In retrospect, it should come as no surprise that the dinosaurs of the Mesozoic Era anticipated the ecological niches of the megafauna mammals that lived millions of years later, during the Cenozoic Era.
But palaeontologists were still unprepared for the discovery of Oryctodromeus, a six-foot-long, 50-pound ornithopod that inhabited burrows in the forest floor, like an oversized badger or armadillo.
Even more weirdly, given its lack of specialized claws, Oryctodromeus must have excavated its burrows using its long, pointy snout—which would surely have been a comical sight for any theropods in the immediate vicinity. (Why did Oryctodromeus burrow in the first place? To avoid the attention of the larger predators of its middle Cretaceous ecosystem.)
Better known as “Pinocchio Rex,” Qianzhousaurus was a strange duck indeed—a tyrannosaur equipped with a long, pointed, crocodile-like snout reminiscent of an entirely different branch of the theropod family, the spinosaurs (typified by Spinosaurus.)
We know dinosaurs like Spinosaurus and Baryonyx had elongated snouts because they lived by (or in) rivers and hunted fish. The evolutionary motivation for Qianzhousaurus’ schnozz is a bit more uncertain since this late Cretaceous dinosaur appears to have subsisted exclusively on terrestrial prey. The most likely explanation is sexual selection; males with bigger snouts were more attractive to females during mating season.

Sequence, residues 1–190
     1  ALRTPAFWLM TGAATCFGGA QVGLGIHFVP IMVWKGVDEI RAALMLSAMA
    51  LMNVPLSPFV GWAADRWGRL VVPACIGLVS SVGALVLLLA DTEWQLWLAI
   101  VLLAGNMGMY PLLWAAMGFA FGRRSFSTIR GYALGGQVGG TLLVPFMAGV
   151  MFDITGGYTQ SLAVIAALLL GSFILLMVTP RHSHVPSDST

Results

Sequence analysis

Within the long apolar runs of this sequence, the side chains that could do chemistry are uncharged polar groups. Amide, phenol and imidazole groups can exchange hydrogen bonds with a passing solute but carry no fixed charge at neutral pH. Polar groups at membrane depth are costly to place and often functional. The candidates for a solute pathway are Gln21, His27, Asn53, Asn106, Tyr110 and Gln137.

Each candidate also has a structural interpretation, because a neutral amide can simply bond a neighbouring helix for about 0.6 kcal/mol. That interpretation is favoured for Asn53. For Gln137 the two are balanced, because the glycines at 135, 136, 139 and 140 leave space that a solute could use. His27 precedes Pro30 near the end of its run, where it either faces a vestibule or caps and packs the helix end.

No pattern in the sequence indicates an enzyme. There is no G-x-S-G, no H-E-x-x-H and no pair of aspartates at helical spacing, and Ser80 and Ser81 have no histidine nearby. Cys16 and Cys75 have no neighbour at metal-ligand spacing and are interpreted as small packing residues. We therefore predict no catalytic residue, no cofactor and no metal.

Rhinorex, the “nose king,” comes by its name honestly. This hadrosaur was equipped with a huge, fleshy, protuberant schnozz, which it probably used to signal other members of the herd with loud blasts and blares. (And yes, to attract members of the opposite sex during mating season.)
This duck-billed dinosaur of late Cretaceous North America was closely related to the better-attested Gryposaurus, which possessed an equally disproportionate honker but didn’t have the luck to be named by a palaeontologist with a sense of humour.
Its name alone—which can be roughly translated from the Greek as “horned demon from the river of hell”—is a good indication of Stygimoloch’s weirdness quotient.
This dinosaur possessed the biggest, boniest noggin of any identified pachycephalosaur (“thick-headed lizard”); presumably, the males head-butted each other, and occasionally rendered each other unconscious, for the right to mate with females.
Unfortunately, it may also turn out that the “type specimen” of Stygimoloch was merely an advanced growth stage of the better-known bone-headed dinosaur Pachycephalosarus, in which case the latter genus would take pride of place on this list.
Would you be terrified of a rampaging Tyrannosaurus Rex if it happened to be covered with bright orange feathers?
That’s the question you have to ask when discussing Yutyrannus, a recently discovered tyrannosaur of early Cretaceous Asia that supplemented its two-ton bulk with a feathery covering that wouldn’t have looked out of place on Big Bird.
More weirdly, the existence of Yutyrannus raises the possibility that all tyrannosaurs were covered with feathers at some stage of their life cycles—even the big, fierce T. Rex, the hatchlings of which may have been as cute and fuzzy as new-born ducklings.